DRM to die slow, painful death?

Posted: February 6, 2007 in Uncategorized
DRM is widely hated by consumers due to limited (or no) capabilities to be entertained anytime, anywhere on any device. MaxPC never misses a chance to slam a device that utilizes DRM, such as Microsoft’s Zune player…which received a 6 out of 10 rating by the magazine this month, and they didn’t even mention if playback sounded good or not. All they could concentrate on was the fact that there was almost NO music for sale that could be purchased for it, and the "the Social" was one-and-done. You rip yer own, yer on your own, screw yer friends, sorry, cya…
Then we have Apple’s iPod. The 800 lbs gorilla that nobody can compete with. But if you want to purchase music for it, it must be from iTunes…and you can then literally forget about using any other playing device: just like DRM devices, you either keep using your iPod, or you throw away all that music you paid money for when you buy a different, incompatible device.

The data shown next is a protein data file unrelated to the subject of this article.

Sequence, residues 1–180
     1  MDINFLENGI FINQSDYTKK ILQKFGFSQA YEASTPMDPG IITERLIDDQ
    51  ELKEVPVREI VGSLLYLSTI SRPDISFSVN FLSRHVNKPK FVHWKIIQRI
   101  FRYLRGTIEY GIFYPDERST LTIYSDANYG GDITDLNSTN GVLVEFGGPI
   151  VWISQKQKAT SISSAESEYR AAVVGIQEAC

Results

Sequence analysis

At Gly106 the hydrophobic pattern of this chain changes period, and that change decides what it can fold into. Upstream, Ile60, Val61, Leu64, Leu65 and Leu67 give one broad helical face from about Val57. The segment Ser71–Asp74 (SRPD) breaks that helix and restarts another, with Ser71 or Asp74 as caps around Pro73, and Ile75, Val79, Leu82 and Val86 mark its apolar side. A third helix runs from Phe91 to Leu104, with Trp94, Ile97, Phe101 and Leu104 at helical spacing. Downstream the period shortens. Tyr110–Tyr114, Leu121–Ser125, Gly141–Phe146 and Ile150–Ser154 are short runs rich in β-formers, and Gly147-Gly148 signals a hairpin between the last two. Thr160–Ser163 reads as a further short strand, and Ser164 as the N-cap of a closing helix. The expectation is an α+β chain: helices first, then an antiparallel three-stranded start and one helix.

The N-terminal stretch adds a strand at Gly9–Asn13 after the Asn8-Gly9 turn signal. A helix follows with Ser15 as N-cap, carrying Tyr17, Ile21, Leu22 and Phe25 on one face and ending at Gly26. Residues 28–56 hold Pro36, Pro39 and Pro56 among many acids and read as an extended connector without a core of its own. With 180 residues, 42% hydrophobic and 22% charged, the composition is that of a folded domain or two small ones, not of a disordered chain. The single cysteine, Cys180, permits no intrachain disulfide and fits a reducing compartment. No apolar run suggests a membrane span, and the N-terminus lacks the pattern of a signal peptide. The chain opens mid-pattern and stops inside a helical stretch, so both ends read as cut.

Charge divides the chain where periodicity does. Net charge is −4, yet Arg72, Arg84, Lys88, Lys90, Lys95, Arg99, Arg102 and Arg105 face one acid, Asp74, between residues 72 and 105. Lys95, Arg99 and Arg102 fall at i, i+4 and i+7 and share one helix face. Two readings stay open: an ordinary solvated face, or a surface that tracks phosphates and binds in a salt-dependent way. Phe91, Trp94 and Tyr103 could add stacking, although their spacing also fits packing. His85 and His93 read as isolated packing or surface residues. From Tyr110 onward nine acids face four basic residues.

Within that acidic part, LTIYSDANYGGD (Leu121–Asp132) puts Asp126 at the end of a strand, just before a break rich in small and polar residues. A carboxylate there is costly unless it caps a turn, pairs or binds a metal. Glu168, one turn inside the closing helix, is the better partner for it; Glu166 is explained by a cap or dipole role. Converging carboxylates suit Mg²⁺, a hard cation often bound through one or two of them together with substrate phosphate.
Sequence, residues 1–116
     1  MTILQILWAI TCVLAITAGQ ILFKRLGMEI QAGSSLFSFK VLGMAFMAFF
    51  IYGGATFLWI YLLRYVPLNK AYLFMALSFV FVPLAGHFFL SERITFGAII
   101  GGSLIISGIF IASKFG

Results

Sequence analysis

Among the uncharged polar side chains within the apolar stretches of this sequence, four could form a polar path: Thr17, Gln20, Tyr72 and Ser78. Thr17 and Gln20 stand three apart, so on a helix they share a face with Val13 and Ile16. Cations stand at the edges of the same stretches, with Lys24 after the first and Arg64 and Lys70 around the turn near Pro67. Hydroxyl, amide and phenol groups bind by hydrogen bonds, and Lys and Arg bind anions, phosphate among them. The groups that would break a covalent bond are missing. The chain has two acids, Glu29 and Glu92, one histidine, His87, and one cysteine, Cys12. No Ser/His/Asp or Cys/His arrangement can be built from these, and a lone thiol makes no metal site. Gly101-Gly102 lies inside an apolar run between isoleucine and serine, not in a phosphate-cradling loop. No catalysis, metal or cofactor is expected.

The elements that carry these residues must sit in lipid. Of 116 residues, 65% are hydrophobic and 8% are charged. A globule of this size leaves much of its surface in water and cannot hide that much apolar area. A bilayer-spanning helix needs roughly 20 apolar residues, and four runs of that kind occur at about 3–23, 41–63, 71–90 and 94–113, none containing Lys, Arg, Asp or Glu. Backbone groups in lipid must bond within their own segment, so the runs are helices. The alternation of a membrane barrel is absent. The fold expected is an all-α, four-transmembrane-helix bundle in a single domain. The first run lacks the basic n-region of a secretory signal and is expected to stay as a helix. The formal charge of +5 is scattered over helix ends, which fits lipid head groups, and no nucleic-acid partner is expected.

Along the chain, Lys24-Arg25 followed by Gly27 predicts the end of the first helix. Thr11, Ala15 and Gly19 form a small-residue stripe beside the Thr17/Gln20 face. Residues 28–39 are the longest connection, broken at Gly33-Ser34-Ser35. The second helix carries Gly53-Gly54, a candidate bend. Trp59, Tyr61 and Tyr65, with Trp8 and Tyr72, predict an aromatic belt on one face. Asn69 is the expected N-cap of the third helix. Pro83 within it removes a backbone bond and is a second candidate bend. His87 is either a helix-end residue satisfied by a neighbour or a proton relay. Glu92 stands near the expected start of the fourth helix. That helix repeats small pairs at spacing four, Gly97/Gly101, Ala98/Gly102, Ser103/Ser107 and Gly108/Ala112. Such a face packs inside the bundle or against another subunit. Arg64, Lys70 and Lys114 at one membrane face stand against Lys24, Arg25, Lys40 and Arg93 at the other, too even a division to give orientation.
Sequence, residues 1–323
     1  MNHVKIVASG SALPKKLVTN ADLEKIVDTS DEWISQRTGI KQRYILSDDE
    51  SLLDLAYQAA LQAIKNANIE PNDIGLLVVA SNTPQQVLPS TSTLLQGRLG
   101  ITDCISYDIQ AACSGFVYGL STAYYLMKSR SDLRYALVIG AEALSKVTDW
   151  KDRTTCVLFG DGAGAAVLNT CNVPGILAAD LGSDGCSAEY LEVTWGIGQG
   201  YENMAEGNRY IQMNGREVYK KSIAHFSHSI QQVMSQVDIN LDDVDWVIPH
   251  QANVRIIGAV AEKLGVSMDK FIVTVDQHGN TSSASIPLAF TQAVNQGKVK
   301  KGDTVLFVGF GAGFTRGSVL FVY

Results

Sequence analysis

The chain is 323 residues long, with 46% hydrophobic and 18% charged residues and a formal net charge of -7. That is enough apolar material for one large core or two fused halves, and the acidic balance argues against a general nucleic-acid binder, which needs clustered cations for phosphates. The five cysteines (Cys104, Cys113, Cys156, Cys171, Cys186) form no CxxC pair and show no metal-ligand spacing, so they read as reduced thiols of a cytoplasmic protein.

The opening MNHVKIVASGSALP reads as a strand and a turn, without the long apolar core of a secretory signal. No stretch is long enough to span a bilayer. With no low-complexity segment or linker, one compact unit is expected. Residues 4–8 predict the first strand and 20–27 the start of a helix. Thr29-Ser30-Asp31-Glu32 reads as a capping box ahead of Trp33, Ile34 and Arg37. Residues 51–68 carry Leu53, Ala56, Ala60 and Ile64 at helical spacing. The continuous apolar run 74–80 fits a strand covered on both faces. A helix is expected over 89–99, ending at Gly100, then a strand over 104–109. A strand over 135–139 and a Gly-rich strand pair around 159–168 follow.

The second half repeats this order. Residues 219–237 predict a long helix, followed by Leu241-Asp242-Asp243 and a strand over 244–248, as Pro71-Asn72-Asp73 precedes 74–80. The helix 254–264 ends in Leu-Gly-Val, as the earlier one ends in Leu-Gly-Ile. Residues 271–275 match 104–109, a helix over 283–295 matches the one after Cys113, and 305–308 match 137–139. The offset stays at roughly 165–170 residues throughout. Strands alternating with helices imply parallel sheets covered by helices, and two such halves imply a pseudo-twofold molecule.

Note that it is widely regarded that iTunes is by far the most successful compressed-music store. They sell more songs than all other compressed-music distributors combined. The runaway winner, and embarrassingly so. And with that said, it should come as no surprise that Steve Jobs himself has stated that only 2% (that’s right…two out of every 100) of the songs being enjoyed on iPods worldwide were purchased. Um, this means that 98 of every 100 songs stored on iPods did NOT come from iTunes, the single most succesful online compressed-music store.
If 2% is a runaway success, where does that leave DRM music and entertainment? How will DRM ever make money for the copyright holders?
Even Steve Jobs agrees: DRM should die. But considering how scared the label execs have been for the last eight years, and how they will tighten their embrace of DRM even further to "save their intellectual property", DRM will be a slow, painful…and very expensive…death.
Some people just don’t know when to quit.

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